STUYVESANT TOWN — Commuters and a local politician want to see more Citi Bikes at stations around the complex that often sit empty or severely understocked — with recent construction on a nearby subway station reducing the amount of bikes even further.
A Stuyvesant Town resident who became a Citi Bike member when the service launched four years ago said he has gotten very little use out of the program during his morning commute, when he has to travel to the nearest subway station at East 23rd Street and Lexington Avenue.
More often than not, he ends up trekking to the station foot.
"I originally joined Citi Bike to use it every day — I thought I would be able to ride that to the subway. But it's been in existence four years, and most of the time there are not bikes available in the morning," said Christopher Simonetti, who lives near East 20th Street and Avenue C. "It's a 15-minute walk, and I don’t mind doing it. What I do mind is I am paying for this membership that is not available to me."
Simonetti said he calls in to complain about the empty docks between three and four times a week, but hasn't seen any improvement.
On August 2, Councilman Dan Garodnick penned a letter to Motivate, which runs the bike-sharing service, asking the operator to more effectively fill up the docks around the residences.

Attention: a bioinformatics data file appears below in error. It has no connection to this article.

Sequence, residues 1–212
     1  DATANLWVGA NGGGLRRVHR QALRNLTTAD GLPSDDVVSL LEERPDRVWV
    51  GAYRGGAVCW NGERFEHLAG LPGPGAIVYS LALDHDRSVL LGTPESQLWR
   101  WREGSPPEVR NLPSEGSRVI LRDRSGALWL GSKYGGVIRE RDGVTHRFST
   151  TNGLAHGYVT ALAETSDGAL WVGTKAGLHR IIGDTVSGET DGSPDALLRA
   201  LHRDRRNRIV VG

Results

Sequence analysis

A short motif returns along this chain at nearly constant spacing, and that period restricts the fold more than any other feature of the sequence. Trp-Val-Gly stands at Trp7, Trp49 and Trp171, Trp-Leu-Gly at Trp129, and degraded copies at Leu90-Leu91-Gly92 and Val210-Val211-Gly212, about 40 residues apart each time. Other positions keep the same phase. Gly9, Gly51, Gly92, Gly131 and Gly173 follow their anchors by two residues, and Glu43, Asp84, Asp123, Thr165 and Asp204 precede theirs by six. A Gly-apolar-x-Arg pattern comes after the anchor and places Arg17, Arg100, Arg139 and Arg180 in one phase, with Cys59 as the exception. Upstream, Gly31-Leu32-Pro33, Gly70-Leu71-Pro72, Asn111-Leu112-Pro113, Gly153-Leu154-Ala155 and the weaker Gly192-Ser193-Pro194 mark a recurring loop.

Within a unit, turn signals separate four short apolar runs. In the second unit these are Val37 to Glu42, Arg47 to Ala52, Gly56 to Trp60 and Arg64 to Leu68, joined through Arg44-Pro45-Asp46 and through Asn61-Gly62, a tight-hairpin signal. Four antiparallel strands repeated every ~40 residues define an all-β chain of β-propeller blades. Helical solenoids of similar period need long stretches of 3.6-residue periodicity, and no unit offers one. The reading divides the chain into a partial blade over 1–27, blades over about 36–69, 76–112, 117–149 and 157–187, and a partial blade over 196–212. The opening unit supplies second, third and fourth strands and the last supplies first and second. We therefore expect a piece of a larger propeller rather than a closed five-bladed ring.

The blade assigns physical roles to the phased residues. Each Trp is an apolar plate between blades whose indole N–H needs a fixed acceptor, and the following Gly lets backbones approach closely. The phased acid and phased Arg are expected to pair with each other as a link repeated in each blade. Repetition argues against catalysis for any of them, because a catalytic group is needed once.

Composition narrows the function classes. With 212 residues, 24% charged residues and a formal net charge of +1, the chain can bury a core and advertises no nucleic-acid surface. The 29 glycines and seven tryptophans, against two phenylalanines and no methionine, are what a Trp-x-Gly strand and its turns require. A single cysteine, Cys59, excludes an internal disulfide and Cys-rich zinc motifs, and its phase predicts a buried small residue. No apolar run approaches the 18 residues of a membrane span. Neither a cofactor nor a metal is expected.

The councilman said he recently had staff members check out five stations — at 20th Street and FDR Drive, First Avenue and East 23rd Street, First Avenue and East 18th Street, First Avenue and East 16th Street, and Avenue A and East 13th Street — between 9 and 10 a.m. on a handful of weekdays and discovered that the majority of the stations were completely empty during those hours, while others had only one bike.
"I urge you to take steps to replenish and rebalance the bikes at the STPCV stations more quickly in the morning rush hour," Garodnick wrote. "Citi Bike is a great resource for Peter Cooper and Stuyvesant Town because of the limited subway access in this area — and I look forward to working with you to better match Citi Bike supply with the demand."
The nearest subway stations are the 6 train at 23rd Street and Lexington Avenue or the L train at 14th Street and First Avenue.
Motivate said it simply can't keep up with demand at the stations, and partially blamed the shortage on construction connected to the First Avenue L train station that started last month.
"Despite our efforts... we recognize that demand does outstrip our capacity in the area during the AM rush hours of 7AM-11AM," Simons said.
But problems with the Stuyvesant Town docks far outdate the onset of the MTA's construction, which began less than a month ago, Simonetti said.
"The problem has been going on since its inception in that area," he said.
Even on a recent Tuesday afternoon, the dock at 20th Street and FDR Drive sat empty, with one lucky commuter making off with the very last bike.
But that cyclist — who takes a train from Philadelphia to the city every morning and uses a Citi Bike to get around — said he rarely has such luck in the mornings.
"On any given morning if I come out, there won't be a bike for blocks," Kevin Kall said.